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Marine Lance Cpl. Donald J. Cline Jr.

Died March 23, 2003 Serving During Operation Iraqi Freedom

21, of Washoe, Nev.; assigned to 1st Battalion, 2nd Marine Regiment, 2nd Marine Expeditionary Brigade, Camp Lejeune, N.C.; killed in action near Nasiriyah on March 23. He was listed as missing until April 13, when the Defense Department announced his remains had been identified.

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Widow dismayed that Sparks Marine’ death in Iraq ‘indeterminable’

Associated Press

RENO, Nev. — A year after her husband was killed in one of the first battles in Iraq, Tina Cline has an 8-inch report on the battle that took his life, but few answers.

Two Marines spent three hours with her on Saturday to discuss the report that she hoped would disclose the events one year ago last Tuesday that left her the widow of Lance Cpl. Donald J. Cline Jr.

But after nearly one year of investigation, the cause of his death is “indeterminable.”

“It’s open still,” Cline said. “I’m so sick of not being told the truth right away.”

What she was told was that her husband died a hero and will be awarded with a Bronze Star with a “V” for valor. Although the award was approved in January, she said the Marines told her the medals would be presented to her at a later date.

The families of the 18 Marines killed in the An Nasiriyah battle were informed Saturday and Sunday of the investigations results, said Capt. Teresa Ovalle, spokeswoman for Camp Lejeune.

“The investigation took nearly a year in order to gather and fully consider all the facts and evidence to determine how Marines were killed and wounded that day,” she said.

The report given to Cline included testimonies of the commanding officer and Marines who were present in the battle during the fourth day of the war.

The commander said the convoy came under heavy fire.

The crew chief in the amphibious vehicle traveling behind the vehicle Cline was in said, “We were on a four-lane road on the left side going south when C208 (Cline’s armored vehicle) got hit.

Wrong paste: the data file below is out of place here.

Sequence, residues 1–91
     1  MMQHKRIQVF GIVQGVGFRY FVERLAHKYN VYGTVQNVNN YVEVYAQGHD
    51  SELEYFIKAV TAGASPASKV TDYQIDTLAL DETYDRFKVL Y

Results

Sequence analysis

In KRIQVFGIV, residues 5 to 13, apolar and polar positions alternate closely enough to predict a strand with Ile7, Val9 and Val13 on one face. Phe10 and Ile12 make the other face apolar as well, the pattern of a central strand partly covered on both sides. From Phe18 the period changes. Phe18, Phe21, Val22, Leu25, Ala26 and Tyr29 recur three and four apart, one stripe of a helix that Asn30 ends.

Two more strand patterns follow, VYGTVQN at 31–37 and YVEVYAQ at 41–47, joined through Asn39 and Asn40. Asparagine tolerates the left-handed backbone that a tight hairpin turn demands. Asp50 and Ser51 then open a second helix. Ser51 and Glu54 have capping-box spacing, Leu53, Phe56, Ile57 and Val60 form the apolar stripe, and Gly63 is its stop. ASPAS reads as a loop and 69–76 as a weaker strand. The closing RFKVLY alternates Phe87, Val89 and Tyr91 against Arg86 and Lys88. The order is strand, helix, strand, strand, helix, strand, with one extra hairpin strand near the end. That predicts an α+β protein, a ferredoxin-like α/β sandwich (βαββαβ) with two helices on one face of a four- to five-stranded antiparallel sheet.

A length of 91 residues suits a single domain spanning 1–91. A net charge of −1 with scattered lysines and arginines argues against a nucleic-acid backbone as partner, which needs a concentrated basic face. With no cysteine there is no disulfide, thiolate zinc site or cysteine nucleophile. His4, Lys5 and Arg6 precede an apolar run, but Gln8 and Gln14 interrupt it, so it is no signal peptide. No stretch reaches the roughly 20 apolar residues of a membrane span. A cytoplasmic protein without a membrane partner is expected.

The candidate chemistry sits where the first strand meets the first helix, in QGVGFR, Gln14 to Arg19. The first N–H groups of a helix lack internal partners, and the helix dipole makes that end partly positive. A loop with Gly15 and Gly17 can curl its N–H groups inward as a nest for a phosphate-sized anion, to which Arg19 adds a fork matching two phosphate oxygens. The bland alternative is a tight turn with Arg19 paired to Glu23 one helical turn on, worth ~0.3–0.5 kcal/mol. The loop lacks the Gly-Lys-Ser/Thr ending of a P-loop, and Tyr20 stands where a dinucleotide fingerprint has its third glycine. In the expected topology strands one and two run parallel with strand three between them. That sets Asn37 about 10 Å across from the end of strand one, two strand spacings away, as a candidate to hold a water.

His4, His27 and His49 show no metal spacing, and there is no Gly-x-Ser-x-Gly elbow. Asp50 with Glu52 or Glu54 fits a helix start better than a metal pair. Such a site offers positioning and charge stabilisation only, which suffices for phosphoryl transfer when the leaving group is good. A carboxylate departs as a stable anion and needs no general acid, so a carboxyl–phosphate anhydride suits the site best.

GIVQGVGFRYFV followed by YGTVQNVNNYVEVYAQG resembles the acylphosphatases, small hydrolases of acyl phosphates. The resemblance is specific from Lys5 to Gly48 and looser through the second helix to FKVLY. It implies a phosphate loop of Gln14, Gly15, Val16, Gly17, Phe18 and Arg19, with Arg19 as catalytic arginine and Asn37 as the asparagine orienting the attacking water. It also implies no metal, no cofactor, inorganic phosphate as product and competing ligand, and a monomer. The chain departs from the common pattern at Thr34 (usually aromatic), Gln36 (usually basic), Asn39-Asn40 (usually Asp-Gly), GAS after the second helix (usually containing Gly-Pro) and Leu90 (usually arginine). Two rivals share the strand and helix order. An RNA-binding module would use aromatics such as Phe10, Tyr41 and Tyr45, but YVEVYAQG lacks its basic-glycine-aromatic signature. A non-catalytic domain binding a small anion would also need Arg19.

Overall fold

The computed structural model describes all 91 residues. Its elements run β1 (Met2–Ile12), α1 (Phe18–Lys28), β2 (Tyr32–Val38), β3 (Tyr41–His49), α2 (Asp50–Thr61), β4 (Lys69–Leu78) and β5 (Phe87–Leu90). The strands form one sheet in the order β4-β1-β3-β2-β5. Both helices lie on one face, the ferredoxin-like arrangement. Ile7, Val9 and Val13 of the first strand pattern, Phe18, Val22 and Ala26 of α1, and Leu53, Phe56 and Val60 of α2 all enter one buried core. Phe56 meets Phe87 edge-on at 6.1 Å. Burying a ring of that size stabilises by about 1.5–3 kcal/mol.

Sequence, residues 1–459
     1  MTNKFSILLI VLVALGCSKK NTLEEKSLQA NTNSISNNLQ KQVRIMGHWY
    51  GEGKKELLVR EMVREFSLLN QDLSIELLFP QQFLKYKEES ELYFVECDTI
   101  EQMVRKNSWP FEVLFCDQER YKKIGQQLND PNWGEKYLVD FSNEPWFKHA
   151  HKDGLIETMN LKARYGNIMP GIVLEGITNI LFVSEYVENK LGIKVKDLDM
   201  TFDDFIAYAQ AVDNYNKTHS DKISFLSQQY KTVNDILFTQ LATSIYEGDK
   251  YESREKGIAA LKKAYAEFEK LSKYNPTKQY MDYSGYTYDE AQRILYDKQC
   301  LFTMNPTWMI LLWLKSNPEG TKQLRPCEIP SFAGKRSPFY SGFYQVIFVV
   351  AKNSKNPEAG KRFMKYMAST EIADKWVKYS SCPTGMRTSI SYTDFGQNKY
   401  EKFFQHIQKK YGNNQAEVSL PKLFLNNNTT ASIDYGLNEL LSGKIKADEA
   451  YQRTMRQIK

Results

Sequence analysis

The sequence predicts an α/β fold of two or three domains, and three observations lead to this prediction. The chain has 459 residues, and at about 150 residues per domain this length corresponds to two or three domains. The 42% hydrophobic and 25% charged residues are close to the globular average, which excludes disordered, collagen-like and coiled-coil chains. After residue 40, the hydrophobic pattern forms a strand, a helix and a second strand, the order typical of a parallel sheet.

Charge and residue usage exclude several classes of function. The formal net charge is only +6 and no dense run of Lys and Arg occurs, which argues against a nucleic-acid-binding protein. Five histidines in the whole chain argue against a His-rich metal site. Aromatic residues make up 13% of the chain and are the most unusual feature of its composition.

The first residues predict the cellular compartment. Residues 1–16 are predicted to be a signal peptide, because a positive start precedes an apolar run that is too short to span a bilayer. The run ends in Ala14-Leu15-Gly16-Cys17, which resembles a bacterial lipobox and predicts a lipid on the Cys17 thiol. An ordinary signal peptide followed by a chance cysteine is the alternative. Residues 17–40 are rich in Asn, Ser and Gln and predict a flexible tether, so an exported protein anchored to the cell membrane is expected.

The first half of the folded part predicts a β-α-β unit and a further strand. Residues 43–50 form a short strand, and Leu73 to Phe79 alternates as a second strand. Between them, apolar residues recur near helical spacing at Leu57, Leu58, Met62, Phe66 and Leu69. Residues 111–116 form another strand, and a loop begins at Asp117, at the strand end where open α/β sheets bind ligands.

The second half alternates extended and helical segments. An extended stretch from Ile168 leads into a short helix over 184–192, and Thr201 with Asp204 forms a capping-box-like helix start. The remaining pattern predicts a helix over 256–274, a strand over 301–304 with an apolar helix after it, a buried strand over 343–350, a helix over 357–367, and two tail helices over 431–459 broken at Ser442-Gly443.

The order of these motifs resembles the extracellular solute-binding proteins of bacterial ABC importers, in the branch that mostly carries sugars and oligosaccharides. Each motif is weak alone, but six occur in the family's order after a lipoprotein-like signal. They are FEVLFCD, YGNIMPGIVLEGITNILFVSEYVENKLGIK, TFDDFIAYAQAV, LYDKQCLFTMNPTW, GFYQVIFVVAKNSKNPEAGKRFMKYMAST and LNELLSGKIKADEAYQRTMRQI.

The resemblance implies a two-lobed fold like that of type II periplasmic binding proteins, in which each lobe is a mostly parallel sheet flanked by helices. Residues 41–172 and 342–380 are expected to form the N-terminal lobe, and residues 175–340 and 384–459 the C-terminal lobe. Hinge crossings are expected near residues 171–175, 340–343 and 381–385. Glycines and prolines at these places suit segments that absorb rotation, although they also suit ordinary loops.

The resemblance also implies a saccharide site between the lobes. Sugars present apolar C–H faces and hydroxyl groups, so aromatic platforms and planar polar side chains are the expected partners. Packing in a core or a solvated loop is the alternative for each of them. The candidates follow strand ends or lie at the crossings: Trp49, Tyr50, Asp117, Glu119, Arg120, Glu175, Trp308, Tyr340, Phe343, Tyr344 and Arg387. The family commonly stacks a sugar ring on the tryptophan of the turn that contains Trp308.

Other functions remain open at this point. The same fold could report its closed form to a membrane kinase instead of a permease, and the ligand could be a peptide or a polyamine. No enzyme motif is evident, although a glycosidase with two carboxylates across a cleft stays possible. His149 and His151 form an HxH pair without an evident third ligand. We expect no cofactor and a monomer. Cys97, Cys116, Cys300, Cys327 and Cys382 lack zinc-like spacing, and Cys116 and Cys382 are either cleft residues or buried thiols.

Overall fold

“I saw a white flash and the track flew a foot and a half off the ground. The side blew out. Every one in the back flew out of it.”

Tina Cline still can’t understand why she hasn’t received a copy of his autopsy or the personal belongings and charred fabric found at the site.

“The word closure, it bugs me, because I don’t think I’ll ever have closure,” she said.

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Cpl. Donald Cline met his wife, Tina, in high school and they were married the day after he graduated from Marine boot camp. About a month before he was killed, his wife received a letter that included a hand-carved wooden truck with the word “Dakota” on the side – the name of their 2-year-old son. They also had a second son, 7-month-old Dylan.

_ Associated Press

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Nevada town honors Marine killed in Iraq

SPARKS, Nev. — City officials installed a memorial plaque at the Sparks Marina Park on Thursday to honor a Reed High School graduate who was the first Nevadan killed in battle in Iraq.

Lance Cpl. Donald J. Cline was among 18 service members who died in the battle of Nasiriyah in southern Iraq on March 23, 2003, just days after the war started.

His widow, Tina Cline, and two young sons, Dakota and Dylan, attended the ceremony Thursday when the brozne plaque was installed in front of a newly planted tree.

“It’s so great how people remember, you know?” Cline said.

“My main thing was to make sure everybody knew my husband and who he was. This just helps me — helps me (have) his name live on,” she said.

Sparks Mayor Tony Armstrong said he got the idea of memorializing Cline from Marine Capt. Casey Harsh, the son of Reno city councilwoman Toni Harsh.

“Casey sent me a letter in the spring, saying, ‘Tony, we ought to do something nice for him,”’ Armstrong said.

Contacted by phone at Camp Pendleton, Calif., Capt. Harsh told the Daily Sparks Tribune that Cline was one of 10 Marines killed by U.S. Air Force A-10 planes providing air support.

The Air Force pilot or pilots mistook Marine amphibious armored personnel carriers for enemy vehicles, he said.

“They just released that investigation recently” explaining that the Marines died from friendly fire, or “fratricide,” as Harsh calls it.

“It’s a huge disappointment. (But) it’s always happened. It happened on a huge scale during the (first) Gulf War,” Harsh said.

Cline performed heroically in battle, Harsh said, and was guarding wounded Marines when he was killed. He was awarded the Bronze Star posthumously.

— Associated Press

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